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The marketing world has been transformed from what it was just a few years ago. The techniques that were used 10 or 15 years ago may no longer be relevant or effective, particularly as the number of electronic devices that we use on a regular basis increases.
It’s likely that most people have multiple electronic devices within arm’s reach that allow them to make a purchase at any given moment. We no longer just have mobile phones, but watches that can alert us to text messages even when we don’t have our phones on us. The way in which we shop has changed too, as social media allows us to shop in the app on our mobile phone.
With these things in mind, the term ‘omnichannel’ was created to show how all of these channels and devices can be used in marketing strategies to connect with more people. But what does it actually mean and how does it benefit potential customers?
Written by Lauren Shaw
What is omnichannel marketing?
Omnichannel marketing is a way of creating an integrated, seamless shopping experience for potential customers no matter what device or channel they’re using. This is the absolute key to omnichannel marketing. The separate channels must all work together to assist the customer, making the shopping experience both easy and enjoyable. It’s been demonstrated that an omnichannel strategy can increase a customer’s trust in your brand and makes them more likely to return for further purchases. We know that it’s more beneficial for existing customers to make a new purchase instead of new customers, as it’s generally more cost-effective.
Something that omnichannel marketing shows us is that customers don’t just shop through one channel or on one device. They may chop and change between multiple devices, such as a mobile phone to a laptop computer, or they might browse online before going in-store to make a purchase. They could even purchase something online but wish to collect it from the shop instead of having it delivered to their home. But the important thing is that, no matter how they choose to shop, their experience should be unified. Some examples of the channels you may choose to integrate include mobile, desktop, social media, brick-and-mortar stores and websites.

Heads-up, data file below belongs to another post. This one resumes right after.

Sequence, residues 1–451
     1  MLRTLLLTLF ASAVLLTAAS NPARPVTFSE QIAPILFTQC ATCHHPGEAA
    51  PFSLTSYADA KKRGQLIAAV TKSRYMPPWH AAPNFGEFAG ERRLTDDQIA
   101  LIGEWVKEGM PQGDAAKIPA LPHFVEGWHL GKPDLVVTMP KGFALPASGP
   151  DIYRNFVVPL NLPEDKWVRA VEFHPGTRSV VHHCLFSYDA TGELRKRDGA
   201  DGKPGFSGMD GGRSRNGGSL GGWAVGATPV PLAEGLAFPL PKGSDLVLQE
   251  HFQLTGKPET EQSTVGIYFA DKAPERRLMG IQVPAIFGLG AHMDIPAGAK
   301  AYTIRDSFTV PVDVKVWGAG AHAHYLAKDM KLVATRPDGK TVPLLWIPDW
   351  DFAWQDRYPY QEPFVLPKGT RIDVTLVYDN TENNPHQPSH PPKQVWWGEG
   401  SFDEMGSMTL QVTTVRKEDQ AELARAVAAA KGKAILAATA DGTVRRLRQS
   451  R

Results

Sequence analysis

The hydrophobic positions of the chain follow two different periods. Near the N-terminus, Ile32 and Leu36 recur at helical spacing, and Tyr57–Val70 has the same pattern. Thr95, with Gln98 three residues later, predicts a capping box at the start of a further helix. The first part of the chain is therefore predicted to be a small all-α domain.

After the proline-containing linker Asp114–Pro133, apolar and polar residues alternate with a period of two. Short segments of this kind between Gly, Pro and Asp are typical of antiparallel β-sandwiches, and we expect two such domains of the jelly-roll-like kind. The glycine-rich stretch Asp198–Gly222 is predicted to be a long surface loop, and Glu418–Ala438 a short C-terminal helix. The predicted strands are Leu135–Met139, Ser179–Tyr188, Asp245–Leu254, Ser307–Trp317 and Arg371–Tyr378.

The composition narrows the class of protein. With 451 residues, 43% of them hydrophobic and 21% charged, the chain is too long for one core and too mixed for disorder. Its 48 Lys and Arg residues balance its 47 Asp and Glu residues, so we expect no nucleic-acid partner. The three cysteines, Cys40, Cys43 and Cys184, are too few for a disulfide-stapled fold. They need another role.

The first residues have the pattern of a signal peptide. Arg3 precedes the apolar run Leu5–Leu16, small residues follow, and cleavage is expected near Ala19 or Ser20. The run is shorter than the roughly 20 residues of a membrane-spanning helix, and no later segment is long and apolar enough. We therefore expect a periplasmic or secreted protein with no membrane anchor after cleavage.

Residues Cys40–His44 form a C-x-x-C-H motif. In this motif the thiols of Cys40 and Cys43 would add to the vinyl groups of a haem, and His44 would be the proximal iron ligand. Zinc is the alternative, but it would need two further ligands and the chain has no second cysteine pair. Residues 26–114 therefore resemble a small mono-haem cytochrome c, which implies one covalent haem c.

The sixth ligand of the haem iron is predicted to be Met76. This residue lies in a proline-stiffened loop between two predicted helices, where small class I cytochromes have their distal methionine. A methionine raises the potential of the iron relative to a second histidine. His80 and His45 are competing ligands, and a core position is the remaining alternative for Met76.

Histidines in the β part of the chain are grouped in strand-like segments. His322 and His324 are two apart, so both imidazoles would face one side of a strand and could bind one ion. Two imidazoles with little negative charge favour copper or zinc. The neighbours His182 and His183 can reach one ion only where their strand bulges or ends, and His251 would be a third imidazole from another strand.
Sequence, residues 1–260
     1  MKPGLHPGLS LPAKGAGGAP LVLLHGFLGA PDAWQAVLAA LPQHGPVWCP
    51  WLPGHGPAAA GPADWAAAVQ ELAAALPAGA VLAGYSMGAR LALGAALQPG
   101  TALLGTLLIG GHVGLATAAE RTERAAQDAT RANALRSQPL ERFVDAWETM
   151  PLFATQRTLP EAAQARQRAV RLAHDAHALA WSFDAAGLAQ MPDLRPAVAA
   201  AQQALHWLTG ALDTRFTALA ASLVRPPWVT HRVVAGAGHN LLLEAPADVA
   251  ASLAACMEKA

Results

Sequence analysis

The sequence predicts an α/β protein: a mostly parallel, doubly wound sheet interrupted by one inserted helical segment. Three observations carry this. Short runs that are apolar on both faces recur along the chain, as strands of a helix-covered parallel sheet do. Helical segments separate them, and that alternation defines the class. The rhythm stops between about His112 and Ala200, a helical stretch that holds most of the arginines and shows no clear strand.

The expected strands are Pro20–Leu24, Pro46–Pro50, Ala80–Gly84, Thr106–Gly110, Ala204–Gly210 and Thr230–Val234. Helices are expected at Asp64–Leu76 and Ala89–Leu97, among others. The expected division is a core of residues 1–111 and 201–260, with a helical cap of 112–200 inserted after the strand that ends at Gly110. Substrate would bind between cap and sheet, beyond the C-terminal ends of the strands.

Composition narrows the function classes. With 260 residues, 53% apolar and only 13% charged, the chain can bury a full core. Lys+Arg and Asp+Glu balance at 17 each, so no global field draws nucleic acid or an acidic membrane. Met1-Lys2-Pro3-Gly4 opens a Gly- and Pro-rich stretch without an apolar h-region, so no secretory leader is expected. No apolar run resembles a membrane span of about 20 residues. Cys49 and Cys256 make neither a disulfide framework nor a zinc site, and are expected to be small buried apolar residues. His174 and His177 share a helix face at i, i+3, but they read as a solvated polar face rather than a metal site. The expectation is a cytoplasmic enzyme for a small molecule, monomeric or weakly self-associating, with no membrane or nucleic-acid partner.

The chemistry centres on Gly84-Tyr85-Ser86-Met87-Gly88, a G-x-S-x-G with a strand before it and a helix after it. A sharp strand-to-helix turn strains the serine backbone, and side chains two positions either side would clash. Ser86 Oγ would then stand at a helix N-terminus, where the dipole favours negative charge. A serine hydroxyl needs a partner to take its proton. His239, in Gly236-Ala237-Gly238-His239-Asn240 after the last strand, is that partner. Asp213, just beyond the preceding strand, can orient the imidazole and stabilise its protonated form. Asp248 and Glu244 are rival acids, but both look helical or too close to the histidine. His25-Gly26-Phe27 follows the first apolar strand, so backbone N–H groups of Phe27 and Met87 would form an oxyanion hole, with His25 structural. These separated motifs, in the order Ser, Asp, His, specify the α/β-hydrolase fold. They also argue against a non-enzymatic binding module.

Some examples of omnichannel marketing in action can be found below.
Omnichannel example #1
A customer is shopping on an e-commerce website, adding various products to their basket. However, for whatever reason, they choose not to proceed with the sale and abandon their basket. This could be due to an external distraction, a website fault or a decision on behalf of the customer, such as the total cost of the basket.
An automated email is sent to the customer a certain amount of time after they’ve abandoned the basket, reminding them of the items they wanted and encouraging them to proceed. This example shows that both the website and email channels are working together to convince the customer to come back. Some brands even choose to offer a discount code to the customer to ensure they will checkout.
Omnichannel example #2
You may wish to send out rewards to the customers that regularly shop with your brand. An email is sent to a customer, alerting them to new coupons that are available. The email tells them that the coupons will be arriving in the post. Once they arrive, the customer has received real coupons, taking them away from the digital space. The coupons can either be used online, by entering the code to get the discount or in-store, where they can be scanned. A good example of this process is the Tesco Clubcard scheme. This method uses multiple channels to provide information to the customer and they can choose how they spend their coupons.